Real-Time Label-Free Targeting Assessment and in Vitro Characterization of Curcumin-Loaded Poly-lactic-co-glycolic Acid Nanoparticles for Oral Colon Targeting

Publication year: 2019
Authors: Mohamed A. Akl,†,‡ Alma Kartal-Hodzic,† Teemu Suutari,† Timo Oksanen,† Isabella Monia Montagner,§ Antonio Rosato,§,∥ Hatem R. Ismael,‡ Mohsen I. Afouna,‡ Paolo Caliceti,⊥ Marjo Yliperttula,†,⊥ Ahmed M. Samy,‡ Francesca Mastrotto,⊥ Stefano Salmaso,⊥ and Tapani Viitala*,†,#
Affiliations:

†Drug Research Program, Division of Pharmaceutical Biosciences, Faculty of Pharmacy, University of Helsinki, 00014 Helsinki, Finland
‡Department of Pharmaceutics and Ind. Pharmacy, Faculty of Pharmacy (Boys), Al-Azhar University, Nasr City, 11884 Cairo, Egypt
§Veneto Institute of Oncology IOV-IRCCS, 35128 Padua, Italy
∥Department of Surgery, Oncology and Gastroentrology and ⊥Department of Pharmaceutical and Pharmacological Sciences, University of Padova, 35131 Padova, Italy

Published in: ASC Omega
doi: DOI: 10.1021/acsomega.9b02086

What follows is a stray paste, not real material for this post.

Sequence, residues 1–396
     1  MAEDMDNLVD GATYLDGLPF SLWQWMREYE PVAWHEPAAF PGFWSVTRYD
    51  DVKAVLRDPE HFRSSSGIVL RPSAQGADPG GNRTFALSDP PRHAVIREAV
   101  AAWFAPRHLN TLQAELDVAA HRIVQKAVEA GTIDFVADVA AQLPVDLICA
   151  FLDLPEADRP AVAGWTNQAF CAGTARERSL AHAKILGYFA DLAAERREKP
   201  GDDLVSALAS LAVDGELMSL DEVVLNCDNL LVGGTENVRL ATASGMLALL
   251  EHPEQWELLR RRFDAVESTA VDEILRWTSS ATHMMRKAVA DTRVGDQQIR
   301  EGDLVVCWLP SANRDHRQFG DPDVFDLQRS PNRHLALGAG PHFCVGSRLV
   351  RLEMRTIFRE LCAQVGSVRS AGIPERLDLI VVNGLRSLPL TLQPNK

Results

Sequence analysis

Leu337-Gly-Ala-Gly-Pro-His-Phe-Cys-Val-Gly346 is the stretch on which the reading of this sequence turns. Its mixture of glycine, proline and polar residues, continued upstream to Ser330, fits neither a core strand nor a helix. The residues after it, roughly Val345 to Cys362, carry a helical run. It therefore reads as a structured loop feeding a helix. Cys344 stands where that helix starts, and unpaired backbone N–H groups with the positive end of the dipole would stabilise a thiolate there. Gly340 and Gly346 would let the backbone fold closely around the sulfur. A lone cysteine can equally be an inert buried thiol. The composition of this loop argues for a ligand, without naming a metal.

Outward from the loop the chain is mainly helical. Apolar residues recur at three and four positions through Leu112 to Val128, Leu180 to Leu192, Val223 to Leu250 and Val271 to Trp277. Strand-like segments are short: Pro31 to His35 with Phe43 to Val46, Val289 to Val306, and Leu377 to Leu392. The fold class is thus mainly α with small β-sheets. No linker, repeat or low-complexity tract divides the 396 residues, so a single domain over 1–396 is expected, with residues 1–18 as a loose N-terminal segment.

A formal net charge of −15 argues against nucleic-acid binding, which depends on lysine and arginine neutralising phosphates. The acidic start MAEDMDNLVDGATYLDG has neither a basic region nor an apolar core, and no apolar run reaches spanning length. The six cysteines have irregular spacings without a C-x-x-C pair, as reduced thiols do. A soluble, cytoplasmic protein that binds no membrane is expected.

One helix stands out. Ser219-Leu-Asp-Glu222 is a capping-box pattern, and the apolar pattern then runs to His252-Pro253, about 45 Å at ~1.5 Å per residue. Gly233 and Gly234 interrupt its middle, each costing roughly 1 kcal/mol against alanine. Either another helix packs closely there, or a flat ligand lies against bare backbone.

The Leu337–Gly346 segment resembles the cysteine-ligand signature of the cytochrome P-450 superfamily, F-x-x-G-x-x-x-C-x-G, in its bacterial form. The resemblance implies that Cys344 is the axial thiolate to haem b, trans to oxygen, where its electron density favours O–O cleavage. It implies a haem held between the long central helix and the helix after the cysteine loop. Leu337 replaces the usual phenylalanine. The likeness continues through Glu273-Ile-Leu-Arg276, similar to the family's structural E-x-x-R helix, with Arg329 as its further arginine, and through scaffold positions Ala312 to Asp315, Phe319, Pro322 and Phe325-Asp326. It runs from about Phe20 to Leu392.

The exploitation of curcumin for oral disease treatment is limited by its low solubility, poor bioavailability, and low stability. Surface-functionalized poly-lactic-co-glycolic acid (PLGA) nanoparticles (NPs) have shown promising results to ameliorate selective delivery of drugs to the gastrointestinal tract. In this study, curcumin-loaded PLGA NPs (CPLGA NPs) of about 200 nm were surface-coated with chitosan (CS) for gastro-intestinal mucosa adhesion, wheat germ agglutinin (WGA) for colon targeting or GE11 peptide for tumor colon targeting. Spectrometric and zeta potential analyses confirmed the successful functionalization of the CPLGA NPs. Real-time label-free assessment of the cell membrane-NP interactions and NP cell uptake were performed by quartz crystal microbalance coupled with supported lipid bilayers and by surface plasmon resonance coupled with living cells. The study showed that CS-coated C-PLGA NPs interact with cells by the electrostatic mechanism, while both WGA- and GE11-coated C-PLGA NPs interact and are taken up by cells by specific active mechanisms. In vitro cell uptake studies corroborated the real-time label-free assessment by yielding a curcumin cell uptake of 7.3 ± 0.3, 13.5 ± 1.0, 27.3 ± 4.9, and 26.0 ± 1.3 μg per 104 HT-29 cells for noncoated, CS-, WGA-, and GE11-coated C-PLGA NPs, respectively. Finally, preliminary in vivo studies showed that the WGA-coated C-PLGA NPs efficiently accumulate in the colon after oral administration to healthy Balb/c mice. In summary, the WGA- and GE11-coated C-PLGA NPs displayed high potential for application as active targeted carriers for anticancer drug delivery to the colon.


MP-SPR keywords: Au sensor slide, curcumin, HT-29, Live cell uptake, nanoparticle, PLGA